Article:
Mark Thoma writes,

when I think about moving P to G, I also think about moving the revenue stream with it (e.g. individuals would pay monthly premiums in taxes rather than to the insurance company). Thus, if we move all of P to G, we also move all of the revenue with it. Therefore I don’t see why the budget problem has to get worse

So, as a first approximation, it’s just a reshuffling. Instead of paying a tax to health insurance companies, workers pay a tax to the government. Their take-home pay is the same, and the government deficit is the same. OK.

He goes on,

Why do costs per unit fall? Because of all the administrative savings, savings from buying drugs in bulk, and the ability to manage care (e.g. preventative measures, solving information problems that cause wasteful expenditures by doctors and consumers).

Put a number on the savings from “buying drugs in bulk.” Considering that drug company profits are rounding error in the overall health budget, and assuming that you can’t force profits to be negative, it’s pretty demagogic to suggest that you are going to salvage the health care budget that way.

The other savings are all hypothetical. Suppose we were to abolish private health insurance tomorrow and put everybody on Medicare. Here are the things that would happen.

1. You could get rid of everybody in the private health insurance industry. That would save at most 15 percent of health care spending.

2. There would no longer be a private-sector benchmark for Medicare to use in pricing. You would need to hire a lot of those former private health insurance folks to work for Medicare to figure out what every medical service is worth, to negotiate prices with doctors, hospitals, and so on.

3. Medicare would have to process more claims, which means you would have to hire back some more of those former insurance workers.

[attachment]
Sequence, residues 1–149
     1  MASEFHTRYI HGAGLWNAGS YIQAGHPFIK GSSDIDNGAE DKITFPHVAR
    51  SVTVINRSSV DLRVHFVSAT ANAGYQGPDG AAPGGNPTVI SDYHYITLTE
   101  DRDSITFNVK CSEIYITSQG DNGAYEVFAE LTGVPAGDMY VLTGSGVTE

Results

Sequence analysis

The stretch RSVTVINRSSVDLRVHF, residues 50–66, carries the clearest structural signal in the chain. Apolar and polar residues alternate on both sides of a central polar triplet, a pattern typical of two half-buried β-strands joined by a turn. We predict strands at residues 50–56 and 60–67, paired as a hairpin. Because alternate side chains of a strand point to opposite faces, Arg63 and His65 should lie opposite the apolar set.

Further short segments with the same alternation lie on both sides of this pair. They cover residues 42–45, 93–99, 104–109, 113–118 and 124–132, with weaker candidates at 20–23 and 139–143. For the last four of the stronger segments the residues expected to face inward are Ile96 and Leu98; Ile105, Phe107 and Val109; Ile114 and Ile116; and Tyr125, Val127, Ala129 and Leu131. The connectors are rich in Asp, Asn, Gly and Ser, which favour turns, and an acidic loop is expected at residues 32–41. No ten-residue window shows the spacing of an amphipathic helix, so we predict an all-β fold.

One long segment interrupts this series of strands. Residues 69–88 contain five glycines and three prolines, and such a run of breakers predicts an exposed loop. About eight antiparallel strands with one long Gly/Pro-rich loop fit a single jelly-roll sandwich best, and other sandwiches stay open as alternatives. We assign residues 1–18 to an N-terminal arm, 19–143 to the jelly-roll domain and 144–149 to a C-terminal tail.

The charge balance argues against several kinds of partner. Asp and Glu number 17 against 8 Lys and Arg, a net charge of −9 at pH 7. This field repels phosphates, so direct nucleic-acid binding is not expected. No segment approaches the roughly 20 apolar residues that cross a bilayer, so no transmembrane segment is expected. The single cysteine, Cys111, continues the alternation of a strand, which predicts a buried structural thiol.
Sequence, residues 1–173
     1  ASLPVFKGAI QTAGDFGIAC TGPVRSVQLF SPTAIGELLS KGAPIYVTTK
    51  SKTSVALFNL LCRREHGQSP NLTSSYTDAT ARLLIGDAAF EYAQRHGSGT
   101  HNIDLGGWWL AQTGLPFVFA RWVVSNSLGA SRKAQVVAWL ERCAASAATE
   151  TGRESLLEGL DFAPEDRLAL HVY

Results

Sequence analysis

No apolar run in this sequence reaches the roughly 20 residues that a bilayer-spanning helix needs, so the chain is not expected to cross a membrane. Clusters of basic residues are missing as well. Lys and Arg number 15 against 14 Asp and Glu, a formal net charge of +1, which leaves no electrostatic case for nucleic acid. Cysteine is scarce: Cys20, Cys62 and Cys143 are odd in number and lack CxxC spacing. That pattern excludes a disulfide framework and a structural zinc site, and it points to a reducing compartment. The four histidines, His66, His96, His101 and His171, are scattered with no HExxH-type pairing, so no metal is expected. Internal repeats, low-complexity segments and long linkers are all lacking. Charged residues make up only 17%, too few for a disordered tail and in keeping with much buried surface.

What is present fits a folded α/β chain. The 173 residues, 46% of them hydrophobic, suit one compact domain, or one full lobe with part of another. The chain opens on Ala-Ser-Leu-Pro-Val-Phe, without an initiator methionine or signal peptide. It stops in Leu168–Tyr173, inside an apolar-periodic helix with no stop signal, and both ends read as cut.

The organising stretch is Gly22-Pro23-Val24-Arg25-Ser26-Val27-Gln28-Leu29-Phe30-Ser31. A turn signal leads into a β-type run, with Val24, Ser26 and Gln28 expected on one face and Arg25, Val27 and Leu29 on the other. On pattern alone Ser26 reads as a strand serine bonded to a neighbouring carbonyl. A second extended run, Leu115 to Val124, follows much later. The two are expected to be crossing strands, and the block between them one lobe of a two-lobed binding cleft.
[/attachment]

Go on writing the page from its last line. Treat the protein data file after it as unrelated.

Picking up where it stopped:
After (1)-(3), costs might be less than the existing system. By a small amount. For a short time. But innovation in health care management and administration would slow to a crawl. Health care providers would need permission from Washington to try anything new. In the long run, administrative costs will be higher than they would have been under private health insurance.

In the short run, getting rid of competition and installing a monopoly lowers overhead. In the long run, it’s not so brilliant.

In any event, the cause of rising health care spending is not administrative costs. It is the increasing use of medical procedures, including procedures with high costs and low benefits. In that regard, Medicare as it exists today works no better than private health insurance.

What Thoma wants me to believe is that as soon as we get rid of that pesky private health insurance, Medicare will become expert at weeding out cost-ineffective procedures and paying for cost-effective care. That would be wonderful, but I’m from Missouri. Show me that Medicare can do that for its existing customer base before you go out and shut down private health care. I am reluctant to start toting up lots of savings that could occur in theory when we do not see those savings in practice.